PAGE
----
As I said before, meditative writing is very much a step-by-step process. One word, one phrase, one idea leads to the next. Because I meditated on this over a period of days, I’m not going to read everything I wrote. I’m just going to hit some of the high points on my search for an answer. I’ll warn you in advance, I ended up in a place totally unrelated to the question!
I started by reflecting on her suffering – and the length of time she had suffered. Twelve years. For twelve years she had been unclean, untouchable. I’m guessing she wasn’t married, because she couldn’t sleep with a man. That was forbidden. In the book of Ezekiel, we see how seriously that offense was taken. “Thus, the word of the Lord came to me: Son of man, when the house of Israel lived in their land, they defiled it by their conduct and deeds. In my sight, their conduct was like the defilement of a menstruous woman.” (Ez. 36:16-17).
If she wasn’t married, where was her place? I’m guessing the only work she could do involved those tasks that would make individuals unclean, such as preparing the dead for burial. This must have been very difficult for her. How many of us live for more than a decade alienated from others for something over which we have no control? Mark’s gospel said she spent everything in an effort to be healed and suffered greatly as a result. I began to understand why she acted in such a furtive manner. I could almost hear her mother telling her to accept her lot in life. I could almost hear the neighborhood women gossiping about the poor fool willing to try anything to get a man. I could hear her brothers telling her that instead of wasting her money on charlatans, she should contribute that money to household expenses. I began to suspect she was furtive, because she didn’t want anyone to know she hadn’t completely given up hope. That brought to mind the poem which was part of an Advent prayer I incorporated into my daily devotions during Advent a couple years ago. In the poem, we see both hope and the fear of hoping; we see how our sinfulness kills something within us and how rebirth will make demands on us.
PRAYER FOR HOPE
O God, we dare not place our hope in you / because we have no hope to place. / We have forgotten mercy, like the dew; / we have lost sight of days of grace. / Our heart’s bowl brims with hollow emptiness. / Our dreams have vanished like the smoke / of incense burned to gods of faithlessness / upon an altar stone that broke.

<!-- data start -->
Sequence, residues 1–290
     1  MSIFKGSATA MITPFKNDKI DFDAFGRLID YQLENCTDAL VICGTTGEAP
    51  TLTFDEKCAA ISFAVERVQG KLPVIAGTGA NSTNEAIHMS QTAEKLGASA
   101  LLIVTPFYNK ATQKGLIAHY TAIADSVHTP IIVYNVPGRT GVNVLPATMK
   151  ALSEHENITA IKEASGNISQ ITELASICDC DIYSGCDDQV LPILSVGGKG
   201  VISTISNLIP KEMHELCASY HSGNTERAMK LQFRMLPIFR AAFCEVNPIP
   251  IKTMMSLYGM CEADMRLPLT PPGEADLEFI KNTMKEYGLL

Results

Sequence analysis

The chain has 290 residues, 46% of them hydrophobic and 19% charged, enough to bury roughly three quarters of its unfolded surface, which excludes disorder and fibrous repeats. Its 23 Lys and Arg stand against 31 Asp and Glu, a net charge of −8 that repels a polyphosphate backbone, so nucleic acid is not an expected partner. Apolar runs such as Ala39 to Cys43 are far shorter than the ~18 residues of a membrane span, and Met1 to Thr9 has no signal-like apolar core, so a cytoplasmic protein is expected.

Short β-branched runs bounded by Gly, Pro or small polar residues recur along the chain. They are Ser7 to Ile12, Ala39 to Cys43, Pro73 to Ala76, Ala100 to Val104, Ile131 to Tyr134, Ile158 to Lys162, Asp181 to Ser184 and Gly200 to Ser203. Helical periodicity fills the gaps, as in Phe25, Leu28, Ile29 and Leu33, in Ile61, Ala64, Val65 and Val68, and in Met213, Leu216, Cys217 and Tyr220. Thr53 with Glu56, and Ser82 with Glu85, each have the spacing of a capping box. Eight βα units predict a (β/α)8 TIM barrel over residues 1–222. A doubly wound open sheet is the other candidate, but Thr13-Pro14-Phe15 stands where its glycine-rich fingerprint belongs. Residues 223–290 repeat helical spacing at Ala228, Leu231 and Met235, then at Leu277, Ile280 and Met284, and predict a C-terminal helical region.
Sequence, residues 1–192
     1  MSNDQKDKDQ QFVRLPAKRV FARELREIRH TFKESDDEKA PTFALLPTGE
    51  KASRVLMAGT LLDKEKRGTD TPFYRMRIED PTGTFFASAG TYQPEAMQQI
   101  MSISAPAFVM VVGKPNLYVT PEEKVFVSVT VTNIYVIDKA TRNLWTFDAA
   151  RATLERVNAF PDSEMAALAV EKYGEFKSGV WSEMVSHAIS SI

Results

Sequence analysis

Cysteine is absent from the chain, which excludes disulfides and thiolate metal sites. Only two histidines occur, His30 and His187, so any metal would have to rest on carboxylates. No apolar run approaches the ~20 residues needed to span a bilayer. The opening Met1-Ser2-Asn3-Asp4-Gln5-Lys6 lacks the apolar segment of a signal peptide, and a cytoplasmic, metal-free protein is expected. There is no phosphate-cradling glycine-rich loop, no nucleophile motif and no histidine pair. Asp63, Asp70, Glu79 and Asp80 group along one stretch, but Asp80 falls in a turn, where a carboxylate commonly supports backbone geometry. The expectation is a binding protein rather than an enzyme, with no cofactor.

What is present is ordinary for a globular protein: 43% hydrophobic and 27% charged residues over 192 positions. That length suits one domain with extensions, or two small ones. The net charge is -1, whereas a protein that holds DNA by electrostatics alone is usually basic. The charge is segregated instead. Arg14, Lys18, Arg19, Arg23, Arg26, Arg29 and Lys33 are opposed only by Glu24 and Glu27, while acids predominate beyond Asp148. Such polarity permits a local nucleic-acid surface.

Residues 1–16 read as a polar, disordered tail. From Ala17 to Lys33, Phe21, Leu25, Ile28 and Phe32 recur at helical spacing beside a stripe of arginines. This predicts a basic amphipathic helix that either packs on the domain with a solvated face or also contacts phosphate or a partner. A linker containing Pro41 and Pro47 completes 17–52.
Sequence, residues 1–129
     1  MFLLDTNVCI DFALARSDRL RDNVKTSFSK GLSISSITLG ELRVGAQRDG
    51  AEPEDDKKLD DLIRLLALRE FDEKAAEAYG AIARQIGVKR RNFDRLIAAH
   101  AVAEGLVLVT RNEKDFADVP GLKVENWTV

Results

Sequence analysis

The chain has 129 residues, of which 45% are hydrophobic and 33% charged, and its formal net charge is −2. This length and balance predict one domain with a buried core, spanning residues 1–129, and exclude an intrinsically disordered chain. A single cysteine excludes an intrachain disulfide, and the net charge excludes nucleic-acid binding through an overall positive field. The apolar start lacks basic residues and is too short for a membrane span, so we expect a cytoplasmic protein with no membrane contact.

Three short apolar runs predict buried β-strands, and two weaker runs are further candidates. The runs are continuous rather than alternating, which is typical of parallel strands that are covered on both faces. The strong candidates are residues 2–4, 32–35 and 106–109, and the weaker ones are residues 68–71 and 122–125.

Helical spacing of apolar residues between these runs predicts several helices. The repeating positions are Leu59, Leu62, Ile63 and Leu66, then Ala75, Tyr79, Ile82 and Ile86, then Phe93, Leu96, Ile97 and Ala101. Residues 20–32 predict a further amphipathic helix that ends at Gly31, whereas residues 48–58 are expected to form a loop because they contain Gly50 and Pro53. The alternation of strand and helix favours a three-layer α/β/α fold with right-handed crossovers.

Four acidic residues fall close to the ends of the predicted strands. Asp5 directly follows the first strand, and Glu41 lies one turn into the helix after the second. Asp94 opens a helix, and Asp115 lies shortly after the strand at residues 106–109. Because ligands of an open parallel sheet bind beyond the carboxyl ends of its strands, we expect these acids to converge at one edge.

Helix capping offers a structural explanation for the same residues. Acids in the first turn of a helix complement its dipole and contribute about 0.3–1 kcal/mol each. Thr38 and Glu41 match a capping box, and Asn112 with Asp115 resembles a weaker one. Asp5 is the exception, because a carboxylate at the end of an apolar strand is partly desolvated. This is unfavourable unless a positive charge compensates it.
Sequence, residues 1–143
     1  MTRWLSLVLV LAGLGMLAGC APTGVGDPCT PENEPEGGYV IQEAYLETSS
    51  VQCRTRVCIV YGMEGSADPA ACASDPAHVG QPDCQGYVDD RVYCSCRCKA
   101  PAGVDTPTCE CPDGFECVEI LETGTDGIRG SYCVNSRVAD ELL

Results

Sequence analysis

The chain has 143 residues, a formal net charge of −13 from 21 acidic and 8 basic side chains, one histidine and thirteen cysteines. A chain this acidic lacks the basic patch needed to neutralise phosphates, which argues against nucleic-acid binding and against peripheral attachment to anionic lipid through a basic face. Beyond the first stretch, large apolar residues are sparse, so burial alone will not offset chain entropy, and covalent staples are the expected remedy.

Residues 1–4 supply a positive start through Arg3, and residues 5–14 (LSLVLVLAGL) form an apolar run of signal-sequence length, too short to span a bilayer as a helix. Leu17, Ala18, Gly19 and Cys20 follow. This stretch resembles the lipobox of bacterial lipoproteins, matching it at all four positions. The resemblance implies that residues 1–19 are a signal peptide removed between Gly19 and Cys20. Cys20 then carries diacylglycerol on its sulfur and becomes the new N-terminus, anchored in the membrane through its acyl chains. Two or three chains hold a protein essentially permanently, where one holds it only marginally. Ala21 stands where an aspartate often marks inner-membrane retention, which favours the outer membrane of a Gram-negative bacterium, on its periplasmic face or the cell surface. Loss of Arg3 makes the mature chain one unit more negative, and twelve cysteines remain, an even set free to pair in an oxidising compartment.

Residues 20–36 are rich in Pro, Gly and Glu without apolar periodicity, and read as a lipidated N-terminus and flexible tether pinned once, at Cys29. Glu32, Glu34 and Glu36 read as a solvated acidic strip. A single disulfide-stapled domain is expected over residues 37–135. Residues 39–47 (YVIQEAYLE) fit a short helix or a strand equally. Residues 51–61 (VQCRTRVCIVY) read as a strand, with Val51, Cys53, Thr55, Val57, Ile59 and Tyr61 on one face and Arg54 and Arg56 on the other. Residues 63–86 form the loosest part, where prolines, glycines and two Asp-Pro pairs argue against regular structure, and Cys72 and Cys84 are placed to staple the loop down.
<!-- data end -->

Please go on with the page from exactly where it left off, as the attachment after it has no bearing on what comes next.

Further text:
O God, you have stirred up the darkened heart / with promises of light to come. / The embers of our cold hearth shift and start / a flicker that may yet become / the fire we fear because we shy from burns / our soul once suffered at the hands / of our own treachery. If life returns / for us, we dread rebirth’s demands.
O God, ignore our plea for cold despair, / its ashes undisturbed, its chill / unwarmed by any hint borne on the air / by unseen angels, crying still / that promises are kept. Grant us instead / that small perturbing flick of flame / that wakens even in the living dead / just hope enough to call your name.
“If life returns for us, we dread rebirth’s demands.”
The first demand on that woman was to tell Jesus what she had done. At that point in my meditations, my question changed. Why did Jesus do that to her? This is where more than a week of meditation led me:
“Because Jesus isn’t just a person. He is Christ who is present in his Church. It’s together we are the Body of Christ. This poor woman had been untouchable for 12 years, marginalized and probably lonely beyond bearing. Christ wanted to bring her back into the fellowship, into community.
“When Jesus felt the power go out of him, he felt that loneliness. It wasn’t a shoulder that bumped him, it was a hand closing for a moment on his garment and then letting go. A child would have tugged on the tassel to get his attention. The person who let go, he knew, didn’t believe she had the right to ask for his attention.
“He wanted her to know that in his eyes, she did have that right. He wanted to hear what she had not been able to say to anyone. He wanted her to know that her story meant something to him. And he wanted her to know that in reaching out to him, in allowing hope to overcome the barrier created by those who had ridiculed her efforts, she had ultimately placed her faith in God who loved her dearly.”
When I stepped away from my prayer table that day, I felt so incredibly humble. How many times have I failed to listen to someone’s story, have I failed to hear what was in their hearts? We all need to be heard, and if I am to be Christ for others, I need to listen.
I wasn’t expecting that to come out of this Scripture. Not at all. Very often, that’s what happens with meditative writing. We find ourselves in places we never expected to go.